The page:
Besides, the division of this Cubit into 6 Palms is evident from the dimensions of the Pyramid. For the height of the gallery, according to Mr. Greaves, was about 26 Feet, that is, 15 Cubits. Subtract the height of the benches, and the remaining height will be 14 Cubits. This was divided into seven parts, according to the 7 ranges of the stones in the walls of the gallery; and every upper range projected over the lower about three inches, as is represented in the annexed figure;where AB expresses the breadth of the way, ACD the bank or bench, DE the height of the first range of stone, EF the projection of the second range, and FG the height of it; GH the projection of the third range, and HI the height of it; and so on to the roof KL, which answers to the way AB. The height therefore of every range of stone was two Cubits; and the 6 projections EF, GH, &c. answering to one Cubit, were Palmares.
There are likewise, in the king's monument above-mentioned, specimens of the division of the Cubit. For since the Cubit DC is 1 of a Foot, and consequently the Palm of a Foot, ten Palms will be 2 Feet; seven Palms and three Digits will be 2 Feet; and twenty five Palms and two Digits will be 7 Feet.<412>
Now Mr. Greaves found the measure of the height of the monument within to be 2 Feet, the breadth within to be 2 Feet, and the length of the exterior superficies to be 7 Feet, 3 Inches and an half; that is, 7 Feet. The height of the monument within was therefore 10 Palms, the breadth within 7 Palms and 3 Digits, and the length of the exterior superficies 25 Palms and 2 Digits, without any sensible error. The height and breadth of the exterior superficies was 3 Feet, 3 Inches and 3 quarters; that is, 11 Palms and 2 Digits and a quarter, if Mr. Greaves has been sufficiently exact in setting down the dimensions of it.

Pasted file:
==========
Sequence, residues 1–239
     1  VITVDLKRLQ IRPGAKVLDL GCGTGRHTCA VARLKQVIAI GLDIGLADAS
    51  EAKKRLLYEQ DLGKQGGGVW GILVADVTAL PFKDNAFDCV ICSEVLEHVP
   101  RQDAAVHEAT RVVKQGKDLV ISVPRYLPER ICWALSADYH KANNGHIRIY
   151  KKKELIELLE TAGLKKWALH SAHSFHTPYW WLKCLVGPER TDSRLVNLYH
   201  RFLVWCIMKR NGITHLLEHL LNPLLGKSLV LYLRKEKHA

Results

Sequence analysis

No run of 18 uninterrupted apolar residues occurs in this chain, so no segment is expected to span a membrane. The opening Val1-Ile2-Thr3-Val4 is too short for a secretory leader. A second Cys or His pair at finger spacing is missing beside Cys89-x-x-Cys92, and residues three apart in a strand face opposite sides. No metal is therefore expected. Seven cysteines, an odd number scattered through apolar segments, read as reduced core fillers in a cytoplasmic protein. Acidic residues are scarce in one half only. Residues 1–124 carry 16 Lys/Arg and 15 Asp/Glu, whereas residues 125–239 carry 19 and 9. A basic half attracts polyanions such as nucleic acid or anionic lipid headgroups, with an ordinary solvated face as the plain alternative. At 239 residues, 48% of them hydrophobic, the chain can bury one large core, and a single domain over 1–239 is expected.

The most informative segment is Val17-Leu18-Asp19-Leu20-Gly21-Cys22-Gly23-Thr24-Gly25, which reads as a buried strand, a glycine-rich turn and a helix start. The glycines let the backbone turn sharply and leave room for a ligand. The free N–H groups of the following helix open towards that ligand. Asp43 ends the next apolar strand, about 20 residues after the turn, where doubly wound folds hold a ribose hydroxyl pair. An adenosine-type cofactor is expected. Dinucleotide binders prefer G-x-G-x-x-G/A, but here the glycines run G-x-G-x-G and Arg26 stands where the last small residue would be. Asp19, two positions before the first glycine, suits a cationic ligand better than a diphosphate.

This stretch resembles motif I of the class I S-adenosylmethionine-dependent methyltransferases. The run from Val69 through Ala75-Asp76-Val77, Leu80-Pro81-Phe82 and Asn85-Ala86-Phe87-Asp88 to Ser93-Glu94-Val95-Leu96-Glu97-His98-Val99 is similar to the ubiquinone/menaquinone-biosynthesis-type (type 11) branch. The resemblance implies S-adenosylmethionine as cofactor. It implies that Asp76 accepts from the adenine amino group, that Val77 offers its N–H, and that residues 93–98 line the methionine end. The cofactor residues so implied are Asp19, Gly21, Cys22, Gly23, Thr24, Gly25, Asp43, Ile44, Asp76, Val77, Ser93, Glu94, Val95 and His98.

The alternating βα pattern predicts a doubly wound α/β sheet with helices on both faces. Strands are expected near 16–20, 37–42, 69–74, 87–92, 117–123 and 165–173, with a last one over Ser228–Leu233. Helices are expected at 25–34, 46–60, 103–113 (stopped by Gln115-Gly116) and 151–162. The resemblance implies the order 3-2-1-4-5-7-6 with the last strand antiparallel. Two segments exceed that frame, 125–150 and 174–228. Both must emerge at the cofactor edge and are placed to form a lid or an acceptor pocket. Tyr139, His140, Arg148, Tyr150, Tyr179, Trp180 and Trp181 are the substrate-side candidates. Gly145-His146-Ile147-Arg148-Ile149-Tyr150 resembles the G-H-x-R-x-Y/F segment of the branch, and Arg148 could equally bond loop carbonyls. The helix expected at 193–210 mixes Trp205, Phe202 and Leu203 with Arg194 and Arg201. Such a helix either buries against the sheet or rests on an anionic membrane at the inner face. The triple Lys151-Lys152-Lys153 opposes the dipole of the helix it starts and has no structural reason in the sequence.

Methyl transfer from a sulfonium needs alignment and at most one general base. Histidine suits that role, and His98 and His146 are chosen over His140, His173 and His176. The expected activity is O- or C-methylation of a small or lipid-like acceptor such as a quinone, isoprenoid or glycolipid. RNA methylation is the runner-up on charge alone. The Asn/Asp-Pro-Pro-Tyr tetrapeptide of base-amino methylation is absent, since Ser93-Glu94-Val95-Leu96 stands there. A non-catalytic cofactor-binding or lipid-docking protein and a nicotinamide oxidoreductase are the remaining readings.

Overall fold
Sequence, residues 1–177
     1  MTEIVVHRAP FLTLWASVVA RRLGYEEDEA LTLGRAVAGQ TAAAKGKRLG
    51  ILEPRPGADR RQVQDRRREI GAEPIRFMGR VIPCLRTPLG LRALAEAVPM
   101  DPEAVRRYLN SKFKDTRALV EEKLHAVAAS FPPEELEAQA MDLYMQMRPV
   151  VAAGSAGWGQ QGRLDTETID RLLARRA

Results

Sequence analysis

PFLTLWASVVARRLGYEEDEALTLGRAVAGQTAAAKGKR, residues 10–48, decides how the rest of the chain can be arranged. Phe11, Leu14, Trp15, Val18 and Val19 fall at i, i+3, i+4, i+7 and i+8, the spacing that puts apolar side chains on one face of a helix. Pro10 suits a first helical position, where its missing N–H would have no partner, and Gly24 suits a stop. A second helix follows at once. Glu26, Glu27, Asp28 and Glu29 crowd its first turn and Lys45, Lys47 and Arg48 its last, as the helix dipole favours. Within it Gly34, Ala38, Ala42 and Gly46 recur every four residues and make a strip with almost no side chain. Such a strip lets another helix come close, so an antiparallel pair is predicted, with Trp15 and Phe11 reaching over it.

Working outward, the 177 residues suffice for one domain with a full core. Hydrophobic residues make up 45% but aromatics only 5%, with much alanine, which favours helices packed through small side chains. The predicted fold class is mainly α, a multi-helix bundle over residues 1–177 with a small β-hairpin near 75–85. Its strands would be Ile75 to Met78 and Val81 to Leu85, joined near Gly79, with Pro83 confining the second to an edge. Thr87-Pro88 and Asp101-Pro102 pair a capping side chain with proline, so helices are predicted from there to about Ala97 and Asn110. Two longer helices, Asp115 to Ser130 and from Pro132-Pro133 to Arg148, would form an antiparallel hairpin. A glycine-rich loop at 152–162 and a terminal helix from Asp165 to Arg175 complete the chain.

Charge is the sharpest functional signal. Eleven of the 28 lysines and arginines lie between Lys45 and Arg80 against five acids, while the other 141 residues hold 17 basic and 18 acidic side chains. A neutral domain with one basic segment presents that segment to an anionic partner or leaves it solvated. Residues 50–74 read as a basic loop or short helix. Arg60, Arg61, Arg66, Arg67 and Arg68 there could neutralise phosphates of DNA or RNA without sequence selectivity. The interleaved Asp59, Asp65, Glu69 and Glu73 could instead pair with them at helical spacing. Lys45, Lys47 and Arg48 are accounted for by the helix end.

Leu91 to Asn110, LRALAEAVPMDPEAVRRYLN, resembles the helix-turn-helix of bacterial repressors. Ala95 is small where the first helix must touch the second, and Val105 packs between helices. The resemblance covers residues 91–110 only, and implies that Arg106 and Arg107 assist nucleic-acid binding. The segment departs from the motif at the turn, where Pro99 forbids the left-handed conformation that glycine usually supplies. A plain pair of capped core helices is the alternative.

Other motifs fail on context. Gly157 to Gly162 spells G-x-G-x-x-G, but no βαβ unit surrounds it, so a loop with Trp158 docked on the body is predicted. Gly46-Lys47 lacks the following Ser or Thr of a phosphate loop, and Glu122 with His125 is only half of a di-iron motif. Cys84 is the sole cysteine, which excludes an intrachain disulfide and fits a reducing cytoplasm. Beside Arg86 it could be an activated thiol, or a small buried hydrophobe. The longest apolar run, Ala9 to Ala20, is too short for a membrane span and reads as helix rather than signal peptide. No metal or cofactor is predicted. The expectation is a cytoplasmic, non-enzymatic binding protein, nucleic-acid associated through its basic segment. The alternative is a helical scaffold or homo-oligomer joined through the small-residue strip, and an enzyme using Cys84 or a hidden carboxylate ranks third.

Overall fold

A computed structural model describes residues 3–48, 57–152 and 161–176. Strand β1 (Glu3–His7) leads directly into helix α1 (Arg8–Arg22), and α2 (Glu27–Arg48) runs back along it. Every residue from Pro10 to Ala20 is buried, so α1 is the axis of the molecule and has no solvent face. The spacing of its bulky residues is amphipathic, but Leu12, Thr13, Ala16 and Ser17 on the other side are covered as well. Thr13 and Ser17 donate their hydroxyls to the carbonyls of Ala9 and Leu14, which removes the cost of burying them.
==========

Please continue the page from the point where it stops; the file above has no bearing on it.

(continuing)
There are also other specimens of this Cubit; as particularly that the whole length of that gallery, with the hypothenuse of a rectangular triangle, whose base was 15 Feet, and height about 5 or 6, or perhaps 7 Feet, being measured by a cord, was 154 Feet. Subtract the hypothenuse, and there will remain the length of the gallery, 138 Feet; that is, 20 times the breadth, or 20 Royal Cubits. Two other galleries were likewise measured, and found to be in length 110 Feet, that is, sixteen Royal Cubits; and another Chamber was in breadth about 17 Feet, that is, 10 Cubits; and an Anticameretta, or Anticloset, was in length 7 Feet, in breadth about 3 Feet; that is, 4 Cubits long, andabout 2 Cubits broad. And it is my opinion, that the Pyramid was built throughout after the measure of this Cubit.